21. 21. Proving ROI • • • • • Testimonials (6 mentions) – Case studies of successful sales Third party audit of audience information Pre-show exposure (directory views, agenda downloads) PR – press mentions, social media measurement Technology focused demographics based on show activity (session attendance, show floor, banquet, etc.) • • • • • Having major buyers in the industry wear same colored shirt on opening day. This has far better impact than statistics RFID tracking Industry trends – Introduction of new products Referrals from existing customers/word of mouth Getting exhibitors to understand the data we already give them
  22. 22. Challenges for Proving ROI • • • • • Exhibitors perception of increased costs (7 mentions) – Costs relating to exhibiting - shipping, travel, booth supplies, etc. – Increasing costs of space, labor and hotels Increasing event attendance (4 mentions) Competing for dollars with other non-show marketing/advertising opportunities (3 mentions) Mergers of companies in industry (2 mentions) Exhibitors downsizing their space to save costs on installation, dismantle and associated staff costs (2 mentions)
  23. 23. Challenges for Proving ROI • • • • Decreasing marketing budgets for live events (2 mentions) – Sequestration especially in the defense industry Need larger show floor to accommodate potential exhibitors (2 mentions) Justifying expense to exhibitors in the face of so many other pressures for their marketing dollars More interest from exhibitors to be part of the program content than the exhibit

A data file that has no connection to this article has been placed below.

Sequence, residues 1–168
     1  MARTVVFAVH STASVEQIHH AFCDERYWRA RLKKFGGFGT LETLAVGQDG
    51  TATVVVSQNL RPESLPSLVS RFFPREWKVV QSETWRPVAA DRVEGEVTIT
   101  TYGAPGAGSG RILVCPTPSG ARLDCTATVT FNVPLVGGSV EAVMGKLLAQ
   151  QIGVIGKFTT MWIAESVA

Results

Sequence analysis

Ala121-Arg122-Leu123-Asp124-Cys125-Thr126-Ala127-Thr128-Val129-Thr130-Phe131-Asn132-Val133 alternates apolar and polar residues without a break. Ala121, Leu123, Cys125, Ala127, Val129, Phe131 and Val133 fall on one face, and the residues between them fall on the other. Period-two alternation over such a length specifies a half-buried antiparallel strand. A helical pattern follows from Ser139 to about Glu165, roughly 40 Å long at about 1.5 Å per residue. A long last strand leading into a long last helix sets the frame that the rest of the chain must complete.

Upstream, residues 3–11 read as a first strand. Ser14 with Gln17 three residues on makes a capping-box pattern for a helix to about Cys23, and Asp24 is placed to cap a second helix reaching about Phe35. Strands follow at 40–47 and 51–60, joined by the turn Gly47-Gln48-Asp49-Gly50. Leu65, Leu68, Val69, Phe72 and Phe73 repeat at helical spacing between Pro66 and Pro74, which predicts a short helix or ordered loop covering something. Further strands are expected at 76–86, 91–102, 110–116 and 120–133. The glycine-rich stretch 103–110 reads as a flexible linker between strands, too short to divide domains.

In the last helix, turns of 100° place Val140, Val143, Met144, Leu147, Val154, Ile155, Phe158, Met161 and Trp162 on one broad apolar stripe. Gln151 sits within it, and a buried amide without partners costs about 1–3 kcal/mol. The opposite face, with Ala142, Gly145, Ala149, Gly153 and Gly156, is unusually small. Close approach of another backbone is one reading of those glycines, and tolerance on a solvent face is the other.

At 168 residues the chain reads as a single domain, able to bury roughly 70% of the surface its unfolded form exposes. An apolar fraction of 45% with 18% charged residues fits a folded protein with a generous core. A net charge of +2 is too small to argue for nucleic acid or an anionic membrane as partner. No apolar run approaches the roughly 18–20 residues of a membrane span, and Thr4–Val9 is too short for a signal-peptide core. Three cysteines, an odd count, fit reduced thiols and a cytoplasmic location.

24. 24. Challenges for Proving ROI For Sponsorship Sales: • • • Showing/proving ROI/Value (10 mentions) – Need deep dive data on audience behavior/likeliness to buy – Demonstrating value from previous events, forecasts for upcoming events Offering new ideas/opportunities (7 mentions) – Hard to “paint the picture” of new offerings for potential sponsors – Need to “stretch the collective thinking” about what sponsorship can be and achieve. It’s relatively easily to sell customers on trinkets but harder to sell title sponsorships or more creative options Expanding number of exhibitors buying sponsorships – Problem of mergers
  25. 25. Challenges for Proving ROI For Sponsorship Sales: • • • • • • Price – budget constraints/the economy Needs to expand price points of offerings Healthcare industry legal requirements/The Sunshine act Stronger digital content strategy to build online synergies Possible trade off with booth sales Finding the right person to buy sponsorship
  26. 26. Proving ROI to Exhibitors and Sponsors
  27. 27. Proving ROI to Exhibitors and Sponsors
  28. 28. Questions